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Baseball is North America's oldest and most storied professional team sport. Certainly, there have been numerous moments which are still remembered by baseball fans of all ages many years after they happened. We all remember moments like "The Catch" in Game 1 of the 1954 World Series and Bill Mazeroski's World Series winning home run in 1960. There are also the players who transcend the ages like Babe Ruth, Ted Williams and Jackie Robinson. These players continue live on in the hearts and minds of the nation long after their playing days are over.
The great players, teams and memorable moments of the 20th century are well remembered, but somewhat less known are those of the 19th century that helped to shape the game and provide a foundation for the great national pasttime that would develop in the current century. For the great Yankee teams of the 20's, 30's 40's and 50's, there are the St. Louis Browns of the American Association and Chicago White Stockings and Boston Red Stockings of the National League. The Ty Cobbs and Walter Johnsons of the game had their match in Cap Anson, Dan Brouthers and Amos Rusie. Colourful characters like Casey Stengel and Reggie Jackson had their equals in Arlie Latham and Mike "King" Kelly.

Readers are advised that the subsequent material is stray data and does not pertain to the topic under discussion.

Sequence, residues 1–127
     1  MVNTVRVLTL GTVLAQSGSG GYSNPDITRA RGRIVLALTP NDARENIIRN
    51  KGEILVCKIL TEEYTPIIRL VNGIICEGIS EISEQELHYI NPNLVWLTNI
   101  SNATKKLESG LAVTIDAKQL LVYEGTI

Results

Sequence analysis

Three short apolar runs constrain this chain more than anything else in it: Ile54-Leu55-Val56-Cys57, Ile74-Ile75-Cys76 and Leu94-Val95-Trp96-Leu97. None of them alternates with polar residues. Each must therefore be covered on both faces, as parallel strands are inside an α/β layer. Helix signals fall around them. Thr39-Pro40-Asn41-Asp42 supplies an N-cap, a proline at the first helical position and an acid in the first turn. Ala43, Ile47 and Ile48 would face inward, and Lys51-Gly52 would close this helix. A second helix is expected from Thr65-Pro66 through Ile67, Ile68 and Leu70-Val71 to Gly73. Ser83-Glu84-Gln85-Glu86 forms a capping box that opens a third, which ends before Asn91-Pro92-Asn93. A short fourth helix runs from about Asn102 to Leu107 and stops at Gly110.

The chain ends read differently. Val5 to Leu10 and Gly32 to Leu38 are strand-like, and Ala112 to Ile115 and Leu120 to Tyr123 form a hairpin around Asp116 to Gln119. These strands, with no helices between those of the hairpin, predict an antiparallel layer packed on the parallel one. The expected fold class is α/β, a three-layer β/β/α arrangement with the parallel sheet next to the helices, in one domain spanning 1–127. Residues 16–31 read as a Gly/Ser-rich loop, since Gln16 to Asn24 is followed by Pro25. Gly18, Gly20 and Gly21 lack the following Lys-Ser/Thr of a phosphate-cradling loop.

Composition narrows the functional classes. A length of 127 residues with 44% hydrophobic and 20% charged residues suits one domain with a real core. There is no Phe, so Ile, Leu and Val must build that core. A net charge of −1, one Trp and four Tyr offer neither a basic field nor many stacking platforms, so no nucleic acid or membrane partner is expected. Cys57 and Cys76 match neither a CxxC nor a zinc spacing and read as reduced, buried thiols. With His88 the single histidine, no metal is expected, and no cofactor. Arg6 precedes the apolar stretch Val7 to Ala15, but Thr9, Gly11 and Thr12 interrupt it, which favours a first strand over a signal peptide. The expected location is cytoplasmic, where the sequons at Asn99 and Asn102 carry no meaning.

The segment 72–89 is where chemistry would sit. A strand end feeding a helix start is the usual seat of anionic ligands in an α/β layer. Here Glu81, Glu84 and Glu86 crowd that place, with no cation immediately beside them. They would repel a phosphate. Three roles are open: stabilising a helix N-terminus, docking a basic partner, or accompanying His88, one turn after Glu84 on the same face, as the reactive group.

It has been said that the more things change, the more they stay the same. This is certainly the case in baseball. The franchise shifts, player movements and salary issues of today are certainly not new, although the first half of the 20th century would give that impression. Since the National League began in 1876, at least one major league franchise either moved to a new city, moved to a new league, or has folded every year until 1893. Player movement of the early major leagues occurred quite frequently. Constant player movment and contract jumpers - players who left their old team for a better offer, often in the middle of the season - prompted Boston owner Arthur Soden to devise the reserve clause in 1879. There were also many player raids by teams on others, usually during the offseason, but occasionally - usually when a new league incited a war with the established leagues - during the season as well. The owners were always complaining that the players' $2500 salaries were too much. In 1889, owners took it upon themselves to impose a player classification system to control salaries that led to the formation of a new league by the players.
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Dan Brouthers, Amos Rusie, Bill Mazeroski
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